These are some of the most common questions we get asked about making a claim after a cycling accident. If you do not find what you are looking for here feel free to call our 24/7 Freephone helpline on 0808 100 999 5, or why not use our live chat button and speak to us directly!



I’ve just been discharged from hospital after an accident in which I was knocked out. I cannot recall anything after leaving work to ride home, although I have been told an overtaking lorry was involved. What can I do to claim?

You need to move quickly. Call the Helpline because any witnesses will have to be traced, the Police file inspected and the scene may need to be examined. It is possible to present a claim on the basis of forensic evidence alone, but this requires a high degree of input from a specialist in accident investigation and reconstruction.One approach which we have successfully utilised in such cases is a time/distance analysis (‘for how long was the cyclist there to be seen by the other party?’) utilizing a video upon which time and distance were superimposed.


There are several companies offering assistance to injured cyclists. Who is the Cyclists’ National Helpline and what is your background?

We are specialist personal injury solicitors. We have our own Consultant Solicitor, Paul Darlington, who has been cycling since 1964 and working in cycling related claims since 1988. The Team is trained in accident investigation and reconstruction techniques and is supported by former members of Lancashire Constabulary Road Traffic Policing Unit.


If the driver is un-cooperative at the scene or goes to make off, what can I do?

Record the registration number and call the Police. It’s a good idea to do this anyway especially if you are sure you are in the right.


I have crashed because of a pothole in the road surface. What do I do first?

After medical attention and preferably with a companion, return to the scene as soon as you can with a camera, a long spirit level or straight-edge and a ruler or tape measure. Take a general location shot with the defect identified so that there is no doubt where it is. Then place the straight edge across the hole, resting on either side and bridging it. Measure to the bottom and photograph the measurement. Measure too the length and breadth. The standard definition of dangerous is 40mm deep, 300mm in any other direction and sharp lipped. Visit local residents and ask them if they were aware of the defect, for how long it has been present and whether they have reported it. Record their names, contact details and what they said. Seek advice from the Helpline


I’ve been involved in a collision, have obtained the driver’s name and registration; what should I do now?

If you have any reason to feel that you may have been injured either consider visiting Casualty or make an appointment at your GP as soon as possible. This will deal within any medical issues and serve to corroborate the event in an official record. While everything is fresh in your mind, write it down. Try to do this as soon as you are home; don’t even wait until the next day. The sooner a de-brief occurs the more information it is likely to contain. Contact the Helpline with the registration number and date of accident. We will be able to make a search to find the insurance company and policy number.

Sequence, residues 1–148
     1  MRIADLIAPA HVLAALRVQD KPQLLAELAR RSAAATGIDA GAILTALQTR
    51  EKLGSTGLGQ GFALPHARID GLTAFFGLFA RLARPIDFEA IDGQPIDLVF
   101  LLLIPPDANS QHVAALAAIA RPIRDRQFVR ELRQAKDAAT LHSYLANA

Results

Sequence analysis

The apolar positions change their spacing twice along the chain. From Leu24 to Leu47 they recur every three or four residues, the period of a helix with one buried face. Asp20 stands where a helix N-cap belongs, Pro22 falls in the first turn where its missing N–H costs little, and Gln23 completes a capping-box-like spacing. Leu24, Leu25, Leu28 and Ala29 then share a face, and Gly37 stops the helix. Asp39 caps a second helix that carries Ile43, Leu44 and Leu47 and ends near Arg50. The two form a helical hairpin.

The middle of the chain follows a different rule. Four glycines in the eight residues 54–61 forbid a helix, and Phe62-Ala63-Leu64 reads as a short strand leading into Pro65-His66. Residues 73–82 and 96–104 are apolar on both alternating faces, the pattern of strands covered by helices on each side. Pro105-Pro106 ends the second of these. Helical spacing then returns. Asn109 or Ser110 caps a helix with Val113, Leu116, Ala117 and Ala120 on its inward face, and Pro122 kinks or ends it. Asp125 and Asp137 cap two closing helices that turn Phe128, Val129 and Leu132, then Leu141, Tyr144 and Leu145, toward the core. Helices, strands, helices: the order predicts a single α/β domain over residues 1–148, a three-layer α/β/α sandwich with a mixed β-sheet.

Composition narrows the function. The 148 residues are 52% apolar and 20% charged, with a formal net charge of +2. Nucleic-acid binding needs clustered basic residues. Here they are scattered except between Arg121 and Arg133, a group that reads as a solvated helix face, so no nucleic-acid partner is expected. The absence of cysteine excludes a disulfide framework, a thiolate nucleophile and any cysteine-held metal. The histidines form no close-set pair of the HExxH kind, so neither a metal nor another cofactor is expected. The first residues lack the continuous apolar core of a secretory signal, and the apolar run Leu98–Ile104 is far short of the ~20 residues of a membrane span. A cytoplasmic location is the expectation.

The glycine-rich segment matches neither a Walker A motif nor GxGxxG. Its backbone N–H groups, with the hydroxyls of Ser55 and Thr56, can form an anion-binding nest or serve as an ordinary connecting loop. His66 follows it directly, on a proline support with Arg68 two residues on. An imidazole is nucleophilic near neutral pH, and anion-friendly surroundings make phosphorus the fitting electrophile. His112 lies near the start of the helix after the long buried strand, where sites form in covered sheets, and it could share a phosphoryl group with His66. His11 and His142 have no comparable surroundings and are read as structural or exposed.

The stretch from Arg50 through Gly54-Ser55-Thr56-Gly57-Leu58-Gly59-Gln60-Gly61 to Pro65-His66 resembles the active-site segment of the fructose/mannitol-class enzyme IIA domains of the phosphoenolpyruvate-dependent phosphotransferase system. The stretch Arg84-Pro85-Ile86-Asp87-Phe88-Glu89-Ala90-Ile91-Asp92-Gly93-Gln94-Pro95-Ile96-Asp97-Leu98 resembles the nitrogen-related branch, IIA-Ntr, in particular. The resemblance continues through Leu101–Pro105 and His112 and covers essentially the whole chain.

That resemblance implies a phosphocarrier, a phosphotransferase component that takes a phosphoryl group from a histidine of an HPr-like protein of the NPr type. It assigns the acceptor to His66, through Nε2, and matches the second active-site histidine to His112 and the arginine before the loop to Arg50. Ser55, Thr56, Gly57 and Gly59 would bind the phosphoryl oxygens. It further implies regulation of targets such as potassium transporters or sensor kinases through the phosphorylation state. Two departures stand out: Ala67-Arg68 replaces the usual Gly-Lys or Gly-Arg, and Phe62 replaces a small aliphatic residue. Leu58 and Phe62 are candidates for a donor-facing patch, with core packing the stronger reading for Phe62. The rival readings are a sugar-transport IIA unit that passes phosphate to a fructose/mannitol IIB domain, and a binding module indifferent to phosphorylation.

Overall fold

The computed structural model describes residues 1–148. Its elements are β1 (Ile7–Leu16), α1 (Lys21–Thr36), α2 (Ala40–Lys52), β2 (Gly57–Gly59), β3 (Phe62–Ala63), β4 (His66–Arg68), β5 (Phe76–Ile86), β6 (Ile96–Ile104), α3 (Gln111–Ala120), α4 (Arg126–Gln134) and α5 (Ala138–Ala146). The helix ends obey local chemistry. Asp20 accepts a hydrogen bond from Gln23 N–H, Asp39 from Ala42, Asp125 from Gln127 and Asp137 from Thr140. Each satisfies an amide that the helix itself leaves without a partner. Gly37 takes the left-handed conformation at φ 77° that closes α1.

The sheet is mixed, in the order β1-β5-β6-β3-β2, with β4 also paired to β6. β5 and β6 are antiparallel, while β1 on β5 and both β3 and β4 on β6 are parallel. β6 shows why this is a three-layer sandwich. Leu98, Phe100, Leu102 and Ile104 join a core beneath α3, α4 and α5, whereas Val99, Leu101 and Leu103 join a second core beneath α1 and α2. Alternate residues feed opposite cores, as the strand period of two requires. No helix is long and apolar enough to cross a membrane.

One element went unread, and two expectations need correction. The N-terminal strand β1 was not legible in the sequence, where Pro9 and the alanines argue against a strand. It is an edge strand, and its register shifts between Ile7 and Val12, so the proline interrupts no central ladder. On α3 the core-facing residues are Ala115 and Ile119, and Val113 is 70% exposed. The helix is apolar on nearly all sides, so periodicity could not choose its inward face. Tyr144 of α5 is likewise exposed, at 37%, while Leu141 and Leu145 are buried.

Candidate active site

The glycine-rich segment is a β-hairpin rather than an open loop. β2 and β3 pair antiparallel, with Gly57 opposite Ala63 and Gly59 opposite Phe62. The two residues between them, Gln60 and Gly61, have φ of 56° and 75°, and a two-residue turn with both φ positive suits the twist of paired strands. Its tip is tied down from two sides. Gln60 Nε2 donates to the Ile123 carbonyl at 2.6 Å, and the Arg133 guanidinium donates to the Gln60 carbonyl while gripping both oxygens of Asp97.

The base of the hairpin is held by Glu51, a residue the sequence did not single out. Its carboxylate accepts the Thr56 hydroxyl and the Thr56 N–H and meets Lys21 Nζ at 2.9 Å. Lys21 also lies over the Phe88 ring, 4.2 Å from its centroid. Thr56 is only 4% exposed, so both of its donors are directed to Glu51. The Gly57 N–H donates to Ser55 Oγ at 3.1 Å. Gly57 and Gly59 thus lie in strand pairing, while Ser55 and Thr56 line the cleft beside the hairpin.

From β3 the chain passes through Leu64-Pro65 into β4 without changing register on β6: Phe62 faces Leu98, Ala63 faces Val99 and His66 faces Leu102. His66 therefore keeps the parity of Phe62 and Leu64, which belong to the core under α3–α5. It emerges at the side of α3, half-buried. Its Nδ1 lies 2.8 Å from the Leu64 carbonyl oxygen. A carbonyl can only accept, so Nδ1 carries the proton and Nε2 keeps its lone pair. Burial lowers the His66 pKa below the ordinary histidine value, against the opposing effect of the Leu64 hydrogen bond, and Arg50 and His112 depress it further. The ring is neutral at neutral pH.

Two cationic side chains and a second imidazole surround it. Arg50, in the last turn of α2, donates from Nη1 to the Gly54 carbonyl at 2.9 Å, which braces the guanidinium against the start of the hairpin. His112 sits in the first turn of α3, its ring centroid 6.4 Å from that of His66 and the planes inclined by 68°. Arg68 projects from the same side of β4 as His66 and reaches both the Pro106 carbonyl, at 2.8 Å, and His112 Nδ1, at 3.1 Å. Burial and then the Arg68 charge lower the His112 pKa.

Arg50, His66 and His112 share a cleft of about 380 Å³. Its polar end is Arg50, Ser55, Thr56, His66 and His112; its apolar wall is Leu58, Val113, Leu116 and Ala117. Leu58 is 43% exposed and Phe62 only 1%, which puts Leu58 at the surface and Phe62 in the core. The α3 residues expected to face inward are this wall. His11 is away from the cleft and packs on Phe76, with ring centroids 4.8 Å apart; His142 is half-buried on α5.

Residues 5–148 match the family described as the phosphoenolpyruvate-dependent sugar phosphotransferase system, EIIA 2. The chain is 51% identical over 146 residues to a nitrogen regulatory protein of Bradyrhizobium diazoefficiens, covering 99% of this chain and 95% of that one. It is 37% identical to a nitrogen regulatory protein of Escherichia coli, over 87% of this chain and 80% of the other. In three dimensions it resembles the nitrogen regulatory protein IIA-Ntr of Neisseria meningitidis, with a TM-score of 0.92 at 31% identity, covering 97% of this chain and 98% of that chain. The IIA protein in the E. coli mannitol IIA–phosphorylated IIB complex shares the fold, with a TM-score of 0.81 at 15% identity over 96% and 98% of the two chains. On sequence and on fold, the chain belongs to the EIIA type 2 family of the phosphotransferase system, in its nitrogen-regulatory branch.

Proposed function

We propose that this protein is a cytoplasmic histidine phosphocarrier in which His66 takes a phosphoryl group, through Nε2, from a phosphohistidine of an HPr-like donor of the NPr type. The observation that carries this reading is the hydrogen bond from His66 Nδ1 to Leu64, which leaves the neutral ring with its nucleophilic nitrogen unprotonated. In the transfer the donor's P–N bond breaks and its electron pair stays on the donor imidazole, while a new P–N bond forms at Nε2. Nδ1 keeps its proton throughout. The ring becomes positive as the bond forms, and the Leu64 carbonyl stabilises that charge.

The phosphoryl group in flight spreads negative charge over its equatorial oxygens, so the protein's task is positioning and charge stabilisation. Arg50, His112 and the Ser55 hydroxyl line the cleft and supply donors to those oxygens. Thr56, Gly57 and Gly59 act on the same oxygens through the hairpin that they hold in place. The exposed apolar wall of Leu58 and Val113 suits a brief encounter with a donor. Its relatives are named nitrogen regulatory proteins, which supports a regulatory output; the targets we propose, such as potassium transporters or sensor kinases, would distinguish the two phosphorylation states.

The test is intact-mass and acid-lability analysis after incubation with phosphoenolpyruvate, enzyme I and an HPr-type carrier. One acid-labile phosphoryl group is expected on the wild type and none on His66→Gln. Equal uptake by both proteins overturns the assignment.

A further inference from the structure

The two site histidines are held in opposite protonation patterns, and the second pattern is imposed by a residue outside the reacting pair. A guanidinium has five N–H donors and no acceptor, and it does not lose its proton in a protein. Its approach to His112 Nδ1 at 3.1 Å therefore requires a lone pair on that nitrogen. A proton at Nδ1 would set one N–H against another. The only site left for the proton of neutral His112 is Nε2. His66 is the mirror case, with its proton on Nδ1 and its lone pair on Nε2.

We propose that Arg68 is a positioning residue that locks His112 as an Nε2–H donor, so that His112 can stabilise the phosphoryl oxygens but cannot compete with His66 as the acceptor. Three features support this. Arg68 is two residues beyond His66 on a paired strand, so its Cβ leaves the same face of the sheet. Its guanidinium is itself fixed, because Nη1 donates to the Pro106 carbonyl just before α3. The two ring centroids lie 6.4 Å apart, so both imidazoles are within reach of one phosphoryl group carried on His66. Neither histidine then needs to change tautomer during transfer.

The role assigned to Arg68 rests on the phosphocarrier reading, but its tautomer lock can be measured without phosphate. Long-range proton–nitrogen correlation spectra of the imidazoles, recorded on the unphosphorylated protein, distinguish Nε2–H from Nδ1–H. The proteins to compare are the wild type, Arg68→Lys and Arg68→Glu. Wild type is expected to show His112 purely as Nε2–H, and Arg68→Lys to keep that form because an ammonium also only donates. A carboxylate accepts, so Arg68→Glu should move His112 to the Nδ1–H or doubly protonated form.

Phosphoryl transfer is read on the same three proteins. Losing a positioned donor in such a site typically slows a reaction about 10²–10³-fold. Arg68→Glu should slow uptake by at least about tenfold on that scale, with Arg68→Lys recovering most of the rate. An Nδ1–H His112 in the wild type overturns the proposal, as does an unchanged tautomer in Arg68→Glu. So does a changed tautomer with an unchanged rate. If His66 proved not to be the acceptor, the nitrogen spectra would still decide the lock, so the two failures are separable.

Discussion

I’ve been taken out by a car. The driver stopped but then cleared off without leaving any details. I haven’t got the registration, but I can remember the colour and make of the car. Can I claim and what must I do now?

Report the event to the Police immediately and make a record of the date, time and place you did this. Obtain a reference number. If you speak to a Police officer get his/her collar number. This is because claims against untraced motorists are paid by the Motor Insurers Bureau.

The rules of the scheme stipulate that a damage only claim must be reported within 5 days and an injury claim within 14 days or as soon as reasonably practical. Inability to report due to injury would satisfy the reasonably practicable test.

This also applies if you skidded on spilt diesel or some other contaminant, because the culprit in those circumstances is by definition untraced. A claim for injury must be brought within 3 years (as per the normal rules), but a damage only claim within 9 months.


I have been involved in a collision with a car. I think the driver was to blame but he says that it was my fault, so he does not have to give me any personal details. Is this correct?

No. Individual views upon liability are irrelevant. Anyone involved in a collision must provide their own and the vehicle owner’s name, address and registration number to anyone who reasonable requires them. If this is not done as soon as reasonably practicable or in any event within 24 hours, the incident becomes reportable to the Police. S 170 Road Traffic Act 1988.

The details ought to be volunteered; it is not for the victim to have to drag the details out of the third party. If they are not forthcoming, explain that you will then report the incident. This pre-supposes that the Police did not attend; if they did the driver will probably have been issued with a ‘producer’. If injuries have been sustained, the incident is reportable irrespective. The third party is also required to provide insurance details to anyone reasonably requiring them. Seek advice from the Helpline.